There will be no All-Star Game, nor even a sampling of games extensive enough to truly determine the best half-season – let alone full-season – players in 2020’s version of Major League Baseball.
Yet it would also seem an oversight to let the halfway point of the season – such as it is, at 30 games – approach without some acknowledgment of the feats of strength and derring-do unfolding across the game.
If you’ve partially checked out on this season – and who can blame you, really? – you haven’t missed too much, save for an alarming number of pitching injuries and the verification of a true superstar. The impact of the novel coronavirus and its outbreaks on multiple teams has wrought a season so disjointed that by close of business Monday, eight teams had completed 30 games of their 60-game schedule, while another four played just 18 to 24 games.
Still, more than a few individuals deserve a little shine, so let’s give it to them, in the form of 2020’s Third-Season Half-Season All-Stars:
Fernando Tatis Jr. watches the ball after he hits a grand slam home run against the Rangers. (Photo: Jerome Miron, USA TODAY Sports)
First base: Jose Abreu, White Sox. The kid sluggers get all the attention on the South Side, but Abreu, 33, is your AL leader in home runs (11) and RBI (28) while posting a 1.035 OPS. These expanded playoffs could provide Abreu his first exposure to October baseball.
Second base: Brandon Lowe, Rays. They may win the World Series this year and you may not be able to name a single Ray. So keep Lowe’s name in your pocket at cocktail parties (wait, do those still exist?) if anyone tests you – he may be the AL MVP. For what it’s worth at this early juncture, Lowe leads AL position players in WAR (1.8) and his .304/.398/.676 slash line nicely captures a player with a diverse skill set. The cog on a 19-11 team mixing and matching elsewhere.
Shortstop: Carlos Correa, Astros. “Karma!” screams the Big Mad crowd in pointing at the career-worst start for Jose Altuve and the injury suffered by Alex Bregman. Yet that doesn’t explain Correa’s fine start – he’s healthy and getting on base at a .381 clip – coming off a spring where he was the most ardent defender of he and his Astros teammates in the wake of their sign-stealing scandal. Honorable mention to Bo Bichette, off to an MVP-caliber start before suffering a knee injury.
Third base: Anthony Rendon, Angels. Shrugged off a slow start with his usual nonchalance and now is slashing .319/.451/.560. Will battle Oakland’s Matt Chapman for AL West third base superiority for three more years, after which Chapman may receive a deal somewhere in the neighborhood of the $245 million the Angels lavished on Rendon.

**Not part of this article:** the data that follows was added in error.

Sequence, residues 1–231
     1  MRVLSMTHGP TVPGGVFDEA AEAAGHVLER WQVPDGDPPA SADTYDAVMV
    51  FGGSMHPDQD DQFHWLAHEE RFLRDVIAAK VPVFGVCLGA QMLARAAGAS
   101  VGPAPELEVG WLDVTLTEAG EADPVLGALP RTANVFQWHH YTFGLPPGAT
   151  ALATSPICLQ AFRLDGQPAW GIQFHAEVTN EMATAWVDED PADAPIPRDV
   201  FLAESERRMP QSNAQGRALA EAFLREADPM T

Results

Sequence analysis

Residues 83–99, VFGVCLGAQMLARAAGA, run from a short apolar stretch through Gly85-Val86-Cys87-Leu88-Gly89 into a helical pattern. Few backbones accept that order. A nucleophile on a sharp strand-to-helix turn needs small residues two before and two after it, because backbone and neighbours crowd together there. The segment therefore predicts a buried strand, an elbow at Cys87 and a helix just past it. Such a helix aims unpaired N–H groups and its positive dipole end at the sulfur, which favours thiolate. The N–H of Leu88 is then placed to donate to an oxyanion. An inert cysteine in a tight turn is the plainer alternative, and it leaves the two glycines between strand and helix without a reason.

Catcher: Austin Nola, Mariners. Teammate Kyle Seager once wore a Players’ Weekend jersey that read, “Corey’s Brother” on the back, a nod to his All-Star younger sibling. Nola may be playing his way out of merely being known as “Aaron’s Brother.” Nola, three years older than the Phillies ace, didn’t debut until he was 29 last year, but now ranks no worse than second among AL catchers in homers, RBI and batting average and has an overall .344 OBP.
Outfield: Aaron Judge, Yankees. A brief detour to the injured list can’t keep Judge off this squad, not with the big fella hitting a home run every seven at-bats and posting an 1.101 OPS. Besides, we want the biggest stars to shine in our nonexistent game, leading us to…
Outfield: Mike Trout, Angels. A permanent locker in the AL All-Star clubhouse until someone displaces it. While Trout’s OBP (.342/.438) and OPS (.952/1.083) are far off his 2019 MVP paces, his batting average on balls in play (.270) also suggests poor luck. Tough to construct a team based on 20-30 games; we’re confident this choice will age well.
Outfield: Kyle Lewis, Mariners. There’s little joy in a 19th consecutive playoff-less season – but watching a potential cornerstone emerge is no small consolation. Lewis, 25, is running away with AL Rookie of the Year honors, batting .368 and leading the AL with a .456 OBP. He’s slugged seven homers and, after hitting six last September, is averaging 45 per 162 games in his short career.